Welcome to the age of the digital inquisition — yet another way for the PC crowd to rule your life

Welcome to the age of the digital inquisition — yet another way for the PC crowd to rule your life. By Lara Prendergast.

A friend of mine at university had a rule: he didn’t want anything to appear online that might ruin a future political career. On nights out, when photos were being taken, he’d quietly move out of the picture. While we were all wittering away to each other on social media, he kept schtum. Strange, I remember thinking. Why so paranoid?

I thought of my friend when Toby Young started making headlines. After Toby was appointed one of the 14 non-executive members of the [UK] Office for Students, he discovered to his cost that his past — preserved as it is online — could be dredged up by those who wanted to sabotage his advancement. The campaign against him worked. The Twitter-storm gathered such strength that it sucked in newspapers and politicians. His old tweets ended up being debated in parliament. The Prime Minister was asked about sentences from articles Toby had written 17 years ago. After eight days of outrage, he resigned. …

Toby has become just the latest — and perhaps the highest-profile — target of a new phenomenon: the digital inquisition. It is something that anyone wanting to enter public life can — and should — expect. As my university friend knew, if you happen to be ambitious in the internet age, you must be very careful about everything you say or do online.

I need not repeat the litany of Toby’s offending tweets. … He has been deliberately provocative. He deployed what Boris Johnson called his ‘caustic wit’ on occasions where silence would have been wiser. Some will consider him beyond the pale; others will be unable to see what the fuss is about. [The hallmark of PC mob justice.] For now, however, the court of social media has passed judgment, and there is no place harsher or more frenetically outraged.

In Toby’s case, a selection of tweets and articles, some dating back over a decade, were cobbled together to present him as a sexist bigot. He had left enough explosive material online to blow up his political ambitions. When he tried to delete his tweets, his detractors were ready. They had already saved everything they considered incriminating. …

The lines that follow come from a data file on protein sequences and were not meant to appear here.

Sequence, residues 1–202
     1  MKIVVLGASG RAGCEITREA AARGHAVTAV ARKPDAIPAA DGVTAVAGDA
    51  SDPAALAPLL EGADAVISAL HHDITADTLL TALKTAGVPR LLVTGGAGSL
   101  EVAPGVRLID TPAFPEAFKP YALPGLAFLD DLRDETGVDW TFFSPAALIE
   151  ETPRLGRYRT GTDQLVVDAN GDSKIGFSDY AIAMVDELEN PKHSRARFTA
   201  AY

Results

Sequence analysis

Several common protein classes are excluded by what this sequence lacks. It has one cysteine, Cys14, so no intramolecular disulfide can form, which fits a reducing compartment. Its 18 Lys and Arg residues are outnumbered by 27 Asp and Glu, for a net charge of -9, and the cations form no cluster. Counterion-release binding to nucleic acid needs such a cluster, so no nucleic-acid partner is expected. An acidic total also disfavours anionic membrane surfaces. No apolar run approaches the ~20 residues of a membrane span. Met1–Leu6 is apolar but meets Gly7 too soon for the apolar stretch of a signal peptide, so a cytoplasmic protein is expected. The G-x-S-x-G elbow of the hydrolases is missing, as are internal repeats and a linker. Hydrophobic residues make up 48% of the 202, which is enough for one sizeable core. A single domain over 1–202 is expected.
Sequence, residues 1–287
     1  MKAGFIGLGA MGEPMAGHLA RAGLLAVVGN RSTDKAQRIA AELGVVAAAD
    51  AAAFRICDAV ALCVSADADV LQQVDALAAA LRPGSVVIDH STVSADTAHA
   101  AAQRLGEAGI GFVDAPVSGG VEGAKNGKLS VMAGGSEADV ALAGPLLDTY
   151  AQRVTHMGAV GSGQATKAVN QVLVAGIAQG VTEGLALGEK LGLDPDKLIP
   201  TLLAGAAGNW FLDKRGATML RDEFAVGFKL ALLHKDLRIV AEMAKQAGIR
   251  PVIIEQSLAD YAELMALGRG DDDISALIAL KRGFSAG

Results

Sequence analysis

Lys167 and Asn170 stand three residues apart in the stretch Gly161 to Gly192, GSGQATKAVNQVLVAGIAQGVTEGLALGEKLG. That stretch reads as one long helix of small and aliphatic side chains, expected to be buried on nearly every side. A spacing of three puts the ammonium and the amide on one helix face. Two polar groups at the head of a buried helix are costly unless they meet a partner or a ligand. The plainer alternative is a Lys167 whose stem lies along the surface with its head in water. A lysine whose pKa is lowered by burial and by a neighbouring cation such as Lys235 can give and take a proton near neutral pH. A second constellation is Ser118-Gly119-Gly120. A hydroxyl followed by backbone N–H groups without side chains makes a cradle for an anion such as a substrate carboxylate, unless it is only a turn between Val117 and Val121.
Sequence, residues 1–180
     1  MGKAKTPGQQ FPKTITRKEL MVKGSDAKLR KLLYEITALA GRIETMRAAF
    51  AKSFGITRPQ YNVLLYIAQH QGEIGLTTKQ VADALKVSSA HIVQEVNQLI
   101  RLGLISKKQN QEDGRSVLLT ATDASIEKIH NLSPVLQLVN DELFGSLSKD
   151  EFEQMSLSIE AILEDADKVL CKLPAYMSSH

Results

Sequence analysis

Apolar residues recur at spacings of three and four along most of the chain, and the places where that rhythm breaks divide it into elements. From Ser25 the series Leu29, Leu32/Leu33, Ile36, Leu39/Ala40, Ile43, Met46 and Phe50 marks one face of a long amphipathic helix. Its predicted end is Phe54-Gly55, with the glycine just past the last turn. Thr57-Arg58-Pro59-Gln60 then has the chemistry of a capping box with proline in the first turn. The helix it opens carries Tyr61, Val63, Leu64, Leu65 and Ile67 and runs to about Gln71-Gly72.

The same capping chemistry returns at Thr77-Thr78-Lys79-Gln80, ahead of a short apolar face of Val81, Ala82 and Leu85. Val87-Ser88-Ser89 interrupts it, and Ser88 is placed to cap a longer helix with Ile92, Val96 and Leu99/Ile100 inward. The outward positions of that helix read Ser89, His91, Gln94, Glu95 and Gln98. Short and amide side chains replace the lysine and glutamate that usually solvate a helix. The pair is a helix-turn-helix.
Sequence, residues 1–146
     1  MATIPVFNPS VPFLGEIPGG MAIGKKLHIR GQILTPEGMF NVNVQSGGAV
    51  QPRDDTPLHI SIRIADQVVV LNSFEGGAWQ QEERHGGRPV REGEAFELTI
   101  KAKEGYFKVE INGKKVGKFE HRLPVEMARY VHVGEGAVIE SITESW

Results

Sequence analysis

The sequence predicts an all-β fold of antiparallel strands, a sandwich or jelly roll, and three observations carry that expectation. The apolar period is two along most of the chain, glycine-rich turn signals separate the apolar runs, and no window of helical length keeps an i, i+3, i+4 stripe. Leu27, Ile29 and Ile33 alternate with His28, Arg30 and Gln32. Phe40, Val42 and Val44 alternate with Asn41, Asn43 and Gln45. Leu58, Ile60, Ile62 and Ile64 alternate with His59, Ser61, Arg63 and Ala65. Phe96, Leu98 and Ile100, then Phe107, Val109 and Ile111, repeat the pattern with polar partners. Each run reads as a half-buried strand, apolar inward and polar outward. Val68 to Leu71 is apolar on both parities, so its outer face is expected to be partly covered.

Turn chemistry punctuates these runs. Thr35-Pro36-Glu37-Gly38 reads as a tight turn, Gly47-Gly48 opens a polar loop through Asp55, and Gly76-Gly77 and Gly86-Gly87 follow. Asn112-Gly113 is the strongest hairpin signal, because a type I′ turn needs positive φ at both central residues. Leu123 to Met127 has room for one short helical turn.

Tweets never grow old or die: words published years ago can be reposted, fresh as the day they were typed. Remarks from one context can be republished in another. Online comments can now define and destroy you. …

Social media companies have tricked us all. They have lured us into thinking we can lower our guard online and talk candidly as if to friends. They have coaxed us into blurring personal and private worlds in the name of free speech. We have been led to think our comments are ephemeral when nothing could be further from the truth. Tweets are dashed off, then forgotten about — only to be discovered years later by anyone with a bone to pick. …

This digital trail makes it harder for people to grow up or change path. Toby Young has moved from professional provocateur to education reformer, but the internet remembered his past, and made his political reinvention near impossible. One might have dared hope that, in an era when the capacity to snoop is almost limitless, we would learn to be more forgiving of the failings of others. Instead, the mood is ever more nosey and censorious. …

Politicians, ever anxious about public opinion, are irresistibly drawn to any indications of what people think. They can’t help trying to find the national mood on social media. Sometimes they take their lead from it, seeking Twitter praise or fearing its censure. This makes Twitter’s relatively small band of loud, regular users the most powerful focus group in the world.

This Stephen Neil fellow is going to be in real trouble if he ever runs for anything public.

hat-tip Stephen Neil